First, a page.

- Manuel Elias-Gutierrez
- El Colegio de la Frontera Sur, Chetumal
- Virginia León
- Instituto de Biología, Universidad Nacional Autónoma de México
- Managing Biodiversity for the Benefit of Society
- To develop a rigorous DNA-based identification system for all eukaryotes, and to apply this new tool to better manage, discover and protect global biodiversity.
- – To promote in Mexico the DNA barcoding as part of the routine work for taxonomists and biological collections.
- – To speed up the description, understanding and conservation of Mexican Biodiversity.
- – To help educate the public and more professionals into modern techniques of biodiversity science.
Mexico is in the top 10 of world biodiversity hotspots. We will include barcoding in inventories of the biological resources of the nation, and we will collaborate with neighbouring Central American countries in this work.
The Mexican Barcode of Life (MEXBOL), sponsored by CONACYT, will be the main network for researchers interested in barcoding. An initial eight working groups have been established: Vascular plants and grasses; Fungi; Insects; Tropical Biotas; Aquatic Invertebrates; Fish; Arachnida; and Mammals.
Mexico has a strong and active community of taxonomists. MEXBOL has been promoting DNA barcoding among this community as a way to add value to their work.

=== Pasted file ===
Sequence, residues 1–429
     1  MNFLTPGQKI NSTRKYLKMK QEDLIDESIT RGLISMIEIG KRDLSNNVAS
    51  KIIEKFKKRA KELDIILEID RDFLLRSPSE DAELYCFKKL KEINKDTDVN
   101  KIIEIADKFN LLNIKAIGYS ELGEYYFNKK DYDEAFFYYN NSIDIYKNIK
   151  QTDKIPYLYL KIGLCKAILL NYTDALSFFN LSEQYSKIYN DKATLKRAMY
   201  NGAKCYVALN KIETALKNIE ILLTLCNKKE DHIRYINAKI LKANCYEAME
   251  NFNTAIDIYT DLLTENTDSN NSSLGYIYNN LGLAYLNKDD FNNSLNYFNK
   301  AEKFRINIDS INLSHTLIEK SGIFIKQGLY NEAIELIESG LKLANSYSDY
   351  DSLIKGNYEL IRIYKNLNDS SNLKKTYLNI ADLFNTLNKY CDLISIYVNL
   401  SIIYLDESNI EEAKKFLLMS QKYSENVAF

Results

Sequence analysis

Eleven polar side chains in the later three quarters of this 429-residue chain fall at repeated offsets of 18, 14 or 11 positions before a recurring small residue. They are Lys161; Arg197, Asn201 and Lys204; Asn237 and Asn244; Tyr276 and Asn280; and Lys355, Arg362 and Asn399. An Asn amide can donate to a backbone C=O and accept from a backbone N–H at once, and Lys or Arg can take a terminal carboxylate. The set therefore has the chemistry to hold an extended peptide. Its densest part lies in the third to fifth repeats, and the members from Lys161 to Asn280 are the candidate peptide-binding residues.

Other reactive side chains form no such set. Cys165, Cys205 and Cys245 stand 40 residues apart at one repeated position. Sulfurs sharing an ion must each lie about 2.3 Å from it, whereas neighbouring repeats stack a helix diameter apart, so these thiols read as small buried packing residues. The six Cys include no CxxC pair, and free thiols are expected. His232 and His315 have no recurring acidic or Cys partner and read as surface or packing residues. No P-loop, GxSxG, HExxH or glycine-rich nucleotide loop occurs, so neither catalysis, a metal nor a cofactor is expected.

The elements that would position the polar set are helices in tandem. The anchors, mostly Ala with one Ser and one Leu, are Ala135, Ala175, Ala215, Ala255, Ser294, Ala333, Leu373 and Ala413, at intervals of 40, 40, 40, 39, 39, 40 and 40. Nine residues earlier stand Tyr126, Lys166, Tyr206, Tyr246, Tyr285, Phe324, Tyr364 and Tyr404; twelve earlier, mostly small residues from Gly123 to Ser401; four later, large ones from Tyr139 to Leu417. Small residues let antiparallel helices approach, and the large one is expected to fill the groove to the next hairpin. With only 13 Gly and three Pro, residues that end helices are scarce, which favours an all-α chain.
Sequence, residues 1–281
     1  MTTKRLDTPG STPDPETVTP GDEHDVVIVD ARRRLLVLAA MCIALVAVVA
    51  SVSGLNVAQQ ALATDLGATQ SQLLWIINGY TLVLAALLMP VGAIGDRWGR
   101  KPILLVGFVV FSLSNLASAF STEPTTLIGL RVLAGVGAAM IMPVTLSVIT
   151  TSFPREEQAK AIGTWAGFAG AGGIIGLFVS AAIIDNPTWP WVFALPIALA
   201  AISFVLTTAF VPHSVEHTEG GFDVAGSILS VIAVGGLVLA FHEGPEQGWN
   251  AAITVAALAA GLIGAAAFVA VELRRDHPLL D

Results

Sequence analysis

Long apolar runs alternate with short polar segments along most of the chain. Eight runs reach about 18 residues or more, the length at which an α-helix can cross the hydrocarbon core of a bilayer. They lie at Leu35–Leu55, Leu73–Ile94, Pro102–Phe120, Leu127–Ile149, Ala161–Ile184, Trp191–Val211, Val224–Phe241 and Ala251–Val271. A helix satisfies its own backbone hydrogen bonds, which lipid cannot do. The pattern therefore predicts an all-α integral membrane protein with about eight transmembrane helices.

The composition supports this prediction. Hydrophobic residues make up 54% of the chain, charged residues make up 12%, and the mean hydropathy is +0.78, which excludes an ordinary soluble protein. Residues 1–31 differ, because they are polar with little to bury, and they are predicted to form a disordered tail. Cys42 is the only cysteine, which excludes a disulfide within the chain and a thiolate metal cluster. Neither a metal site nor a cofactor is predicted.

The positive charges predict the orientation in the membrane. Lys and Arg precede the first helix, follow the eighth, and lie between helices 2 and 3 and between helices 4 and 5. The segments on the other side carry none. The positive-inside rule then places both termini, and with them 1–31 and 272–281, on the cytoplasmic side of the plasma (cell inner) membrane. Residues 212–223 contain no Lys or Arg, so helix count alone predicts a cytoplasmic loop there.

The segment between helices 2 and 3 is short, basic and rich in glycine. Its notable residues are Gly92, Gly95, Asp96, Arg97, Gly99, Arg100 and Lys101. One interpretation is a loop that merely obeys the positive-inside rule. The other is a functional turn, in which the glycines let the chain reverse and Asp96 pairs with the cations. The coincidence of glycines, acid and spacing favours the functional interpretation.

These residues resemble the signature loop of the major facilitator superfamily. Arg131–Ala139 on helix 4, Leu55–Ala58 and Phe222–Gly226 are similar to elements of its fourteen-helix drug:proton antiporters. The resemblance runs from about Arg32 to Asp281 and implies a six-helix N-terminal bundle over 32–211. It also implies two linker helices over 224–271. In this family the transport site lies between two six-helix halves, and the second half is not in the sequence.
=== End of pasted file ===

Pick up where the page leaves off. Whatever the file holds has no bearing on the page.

Another of MEXBOL’s primary goals is to barcode the country’s biological collections, whenever possible. It also recognizes the need to promote new collecting and to make sure that this fresh material is barcoded by convincing researchers with current projects of the additional value DNA barcoding brings to their work.
In many cases (e.g. 80% of fishes) the first stages of the life cycles remain unknown. MEXBOL is stressing the importance of knowing all life stages of species of importance.
MEXBOL is urging ministries to conduct routine barcoding of species of sanitary or economical importance, such as Anopheles mosquitos. And it is participating in the development of barcoding protocols for difficult groups such as rotifers, crustaceans, nematodes, fungi and some families of plants.